Tuesday, April 13, 2010

When the pain is great enough, we will let anyone be doctor.
Mignon McLaughlin

This morning -

Yesterday -
4/12/10 -


ICELAND - The latest volcanic eruption is coming to an end, scientists said Monday. Last month, the Eyjafjallajokull volcano began erupting after almost 200 years of silence, threatening floods and earthquakes but drawing thousands of adventurous tourists to the site where ash and red-hot lava spewed from a crater between two glaciers. "The volcanic activity has essentially stopped. I believe the eruption has ended." A University of Iceland geologist said activity at the volcano had declined steeply in the last couple of days, although "it's too early to write its death certificate."
Iceland is well accustomed to natural disasters and seismic drama. The island sits on a volcanic hot spot in the Atlantic's mid-oceanic ridge, and eruptions have occurred frequently throughout the country's history, triggered when the Earth's plates move and when magma from deep underground pushes its way to the surface. The Eyjafjallajokull eruption is the country's first since 2004, and the most dramatic since Hekla, Iceland's most active volcano, blew its top in 2000. Scientists say history has shown that when Eyjafjallajokull erupts, the much bigger Katla volcano nearby often follows within days or months. Katla is located under the vast Myrdalsjokull icecap, and an eruption could cause widespread flooding. The last major eruption took place in 1918, and vulcanologists say a new blast is overdue.
"A large eruption of Katla could disrupt aviation seriously in the North Atlantic. It has the potential to cause a lot of damage and disruption. But there is very little seismic activity near Katla. I see no reason to expect Katla to do anything in the near future."

No current tropical cyclones.


ITALY - At least 9 people were killed and scores more injured after a landslide in northern Italy knocked a train off its tracks and left one carriage balanced precariously over a river. The derailment occurred in a gorge near the winter sports town of Merano, close to the Austrian border. The front carriage was left hanging over a river and rescuers had to use cables to prevent the whole train from dropping into the River Adige below. Amazingly the train was stopped from going over the edge by two pine trees that had been dragged down by the landslide. Authorities said that 28 people had been injured. One of the train's three carriages was filled with mud from the landslide, and rescuers were digging frantically to reach the victims. The death toll, which was revised down from 11 because of an error, was not final, since there could still be someone buried in the mud. "It has a high possibility that there will be other victims. The situation is very difficult, it is a horrific scene with one carriage balanced on the edge over the River Adige." The landslide was caused by an irrigation pipe that burst open, sending rocks, debris and water down on to the oncoming train.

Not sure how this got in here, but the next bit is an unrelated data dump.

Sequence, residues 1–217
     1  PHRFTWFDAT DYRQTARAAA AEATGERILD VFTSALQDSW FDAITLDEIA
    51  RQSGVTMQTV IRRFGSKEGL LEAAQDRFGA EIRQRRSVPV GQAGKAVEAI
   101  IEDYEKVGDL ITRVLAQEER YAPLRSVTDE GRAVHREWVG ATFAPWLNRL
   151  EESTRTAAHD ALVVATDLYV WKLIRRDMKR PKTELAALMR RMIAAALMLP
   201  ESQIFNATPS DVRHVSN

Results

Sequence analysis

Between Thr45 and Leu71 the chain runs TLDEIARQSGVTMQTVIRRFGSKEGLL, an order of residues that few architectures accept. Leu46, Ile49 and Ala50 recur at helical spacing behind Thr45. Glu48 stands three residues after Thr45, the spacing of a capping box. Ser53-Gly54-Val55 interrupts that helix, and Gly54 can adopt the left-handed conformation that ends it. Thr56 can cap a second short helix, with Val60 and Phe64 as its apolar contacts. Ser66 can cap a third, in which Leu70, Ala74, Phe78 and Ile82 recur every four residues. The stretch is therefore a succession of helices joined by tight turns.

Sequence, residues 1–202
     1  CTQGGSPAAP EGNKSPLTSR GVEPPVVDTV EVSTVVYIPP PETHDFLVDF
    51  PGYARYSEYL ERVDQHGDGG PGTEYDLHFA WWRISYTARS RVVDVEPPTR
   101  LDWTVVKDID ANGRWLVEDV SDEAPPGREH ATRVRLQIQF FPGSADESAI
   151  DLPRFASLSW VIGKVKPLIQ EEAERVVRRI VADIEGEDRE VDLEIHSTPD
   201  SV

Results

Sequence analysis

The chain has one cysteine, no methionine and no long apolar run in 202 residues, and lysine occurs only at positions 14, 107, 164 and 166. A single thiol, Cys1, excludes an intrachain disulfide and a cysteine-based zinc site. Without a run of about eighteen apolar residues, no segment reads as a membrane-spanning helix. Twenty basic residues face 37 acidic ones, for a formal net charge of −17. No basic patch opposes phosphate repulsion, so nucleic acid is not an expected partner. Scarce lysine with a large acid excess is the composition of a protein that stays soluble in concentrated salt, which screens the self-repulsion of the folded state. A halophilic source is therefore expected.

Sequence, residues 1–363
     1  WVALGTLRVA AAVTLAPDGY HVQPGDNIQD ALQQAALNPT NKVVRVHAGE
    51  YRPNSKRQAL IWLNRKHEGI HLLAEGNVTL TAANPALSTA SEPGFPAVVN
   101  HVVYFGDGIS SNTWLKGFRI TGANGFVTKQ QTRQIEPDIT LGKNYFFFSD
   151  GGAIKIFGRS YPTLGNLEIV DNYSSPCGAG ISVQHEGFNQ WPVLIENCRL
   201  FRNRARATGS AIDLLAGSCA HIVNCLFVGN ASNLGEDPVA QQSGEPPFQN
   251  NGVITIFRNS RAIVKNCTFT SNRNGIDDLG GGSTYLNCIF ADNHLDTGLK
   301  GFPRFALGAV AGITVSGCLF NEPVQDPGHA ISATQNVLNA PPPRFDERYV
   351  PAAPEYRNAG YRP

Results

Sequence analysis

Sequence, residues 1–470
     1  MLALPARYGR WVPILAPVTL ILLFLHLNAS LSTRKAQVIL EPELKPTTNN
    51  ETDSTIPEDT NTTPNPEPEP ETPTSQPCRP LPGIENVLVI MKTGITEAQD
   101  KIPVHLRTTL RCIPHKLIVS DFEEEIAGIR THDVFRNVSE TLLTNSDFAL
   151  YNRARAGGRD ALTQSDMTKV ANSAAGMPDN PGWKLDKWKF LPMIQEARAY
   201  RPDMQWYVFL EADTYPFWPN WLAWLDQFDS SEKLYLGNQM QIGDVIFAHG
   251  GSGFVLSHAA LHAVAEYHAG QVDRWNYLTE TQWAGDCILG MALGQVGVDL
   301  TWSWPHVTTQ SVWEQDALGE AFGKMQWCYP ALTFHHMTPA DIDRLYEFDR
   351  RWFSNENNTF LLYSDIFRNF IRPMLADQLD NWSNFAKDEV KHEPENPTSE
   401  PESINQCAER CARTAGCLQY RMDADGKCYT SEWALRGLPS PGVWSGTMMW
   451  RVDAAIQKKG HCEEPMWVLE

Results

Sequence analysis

On Saturday, April 11th, a coronal mass ejection (CME) hit Earth's magnetic field. The impact caused a G2-class geomagnetic storm and, for the first time this year, ignited auroras over the continental United States. "The lights were bright enough to produce a reflection from the surface of Lake Superior." Northern Lights were also spotted in Maine, Vermont, Wisonsin and Minnesota. Mostly the lights were dim to the naked eye and required a photographic exposure of some tens of seconds for full effect. "Lower 48" sightings of auroras are a sign: The deep solar minimum of 2008-2009 has come to an end and a new solar cycle is gaining strength. If forecasters are correct, Solar Max is just two to three years away. (photos)


Experts urge world not to forget other flu threats - Infectious disease experts warned against complacency in fighting influenza and other illnesses. A Dutch virologist said he worried that complacency due to the mild nature of the pandemic virus could hamper efforts to control the more lethal H5N1 avian influenza. Experts warned governments to expect stronger seasonal flu outbreaks in the wake of the pandemic.